Nah, I don't do that shit. I won't even let people burn CDs for me unless they're on a major label. I'm not down with folks burning independent music instead of buying the albums. Sometimes I'll buy CDs that I already have promo copies of, just to support the artists. Because I know firsthand how tough it is to put out your own music.
What was the last album/showcase/experience that had you go: man, I better step up my skills before I step out with something again?
I try not to compare myself to others…I think everyone brings something unique to the table. There's a lot of artists that really impress me, but I try to separate what I'm doing from what they're doing.
What do you really enjoy listening to right now?
My brother's new band The Ghost Next Door is really dope…some cool alternative rock from the Bay Area, The DOC, Bad Brains, Cody Chestnutt, Thin Lizzy, the Mars Volta, APG, Aphex Twin, Fang; all types of stuff. Disposable Heroes of Hiphoprisy is in my CD player right now…
What do you get out of non-rap music, for your own music? And what do you get out of rap, for your own music?
Inspiration comes in many forms. I draw a lot of energy from old soul records, gritty punk rock 45s, 70s hard rock, funk, breakbeats, IDM, classic and underground hip hop, jazz, rockabilly. Every form of music has its own attitude, its own feel and I relate to all of it on different levels. Some music is more cerebral, while other forms are completely visceral.
When you hang up your superhero artist cape, what else do you do for fun?
I'm pretty much a workaholic: if I'm not performing, I'm writing or recording. I love crate-digging too. I could spend an entire weekend in a record store. I do a lot of drinking on the weekends, write rhymes and chainsmoke…go to shows…watch movies. I'm an avid reader, especially true crime and noir novels. Pretty basic stuff. I'm not some thrill seeker that jumps out of airplanes or a philanthropist that gives back to the community by volunteering in soup kitchens. I'm a writer. I'm just a regular guy.
State of hip hop: good or bad?
Both. The shit on the radio and MTV out here makes me sick to my stomach. Everything about it is bad: the beats, the rhymes, the message; it's all of this watered down materialistic shit. Every song sounds like it could be in a fucking McDonalds commercial.
There's a lot of dope independent hip hop, though, and this gives me hope. The LA scene is thriving with talented cats that keep it original, musically and lyrically.
I think that the mainstream music industry is eating itself and within the next ten years or so, the market will exist in a very different way than that which we're accustomed to. Record execs like to blame this on file-sharing, which of course has a hand in it. But I seriously think it has a lot more to do with the lack of quality albums coming out these days. Back in the 70s, most albums were like ten solid songs, all of which complimented each other. Nowadays an album is like three singles and nine filler songs. So how can you blame people for not wanted to plunk down $15 on such an inferior and soul-less product? I hope that as the modern industry shatters, indie labels pick up the pieces. Because they are, for the most part, motivated by creativity rather than greed.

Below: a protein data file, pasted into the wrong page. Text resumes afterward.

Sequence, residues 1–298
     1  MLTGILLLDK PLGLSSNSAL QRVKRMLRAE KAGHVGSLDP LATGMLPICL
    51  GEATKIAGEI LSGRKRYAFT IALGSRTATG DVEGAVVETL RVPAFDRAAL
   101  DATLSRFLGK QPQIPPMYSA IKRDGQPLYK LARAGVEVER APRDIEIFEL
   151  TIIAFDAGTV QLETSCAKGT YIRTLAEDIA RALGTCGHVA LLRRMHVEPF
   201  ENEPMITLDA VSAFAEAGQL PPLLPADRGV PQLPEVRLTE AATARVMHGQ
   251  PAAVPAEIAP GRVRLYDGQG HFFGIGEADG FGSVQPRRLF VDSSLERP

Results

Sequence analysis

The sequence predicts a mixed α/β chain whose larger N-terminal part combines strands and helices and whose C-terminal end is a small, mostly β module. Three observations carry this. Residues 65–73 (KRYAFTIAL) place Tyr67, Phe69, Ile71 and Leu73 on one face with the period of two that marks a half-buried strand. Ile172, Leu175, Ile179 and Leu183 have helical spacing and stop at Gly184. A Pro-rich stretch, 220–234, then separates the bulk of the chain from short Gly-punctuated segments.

What do you want to achieve before you retire?
I just want to make music that affects people. I want to put my stuff out there where people can get their hands on it and experience my music for what it is. I want to be totally self-sufficient with my music and never have to punch in for some fucked up day job again, for as long as I live. I want to make at least one album that I can consider my 'opus'; something that has such depth that I feel it accurately represents me as an artist and a person.
You must have a website, right? What is it?
dumptruckrecords.com Hopefully by the time this comes out, the site will be completed. It's been fucked up for awhile because my sister's ex used to run it and when they broke up, my original site went down the drain. I'll have it fixed by the time the new album drops, for sure.
Comments or shout outs?
Big ups to all the folks in LA that have been real with me. Special thanks to Jacob Branch and Hobs for helping me put out the last album: one day I'll square up with you cats and make your investment in me worthwhile. That's a promise. Thanks to the Cosmic Truckaz, Ex Vandalz, Shapeshifters and all of the dope artists that make up the Los Angeles underground. Big ups to Meghan, and HUGE props to DJ Obi for putting in so much damn work. Much love to Presto and Fusion… As always, special thanks to my family and friends for putting up with such a bizarre man.
Many thanks to Urban Smarts for letting me get my point across!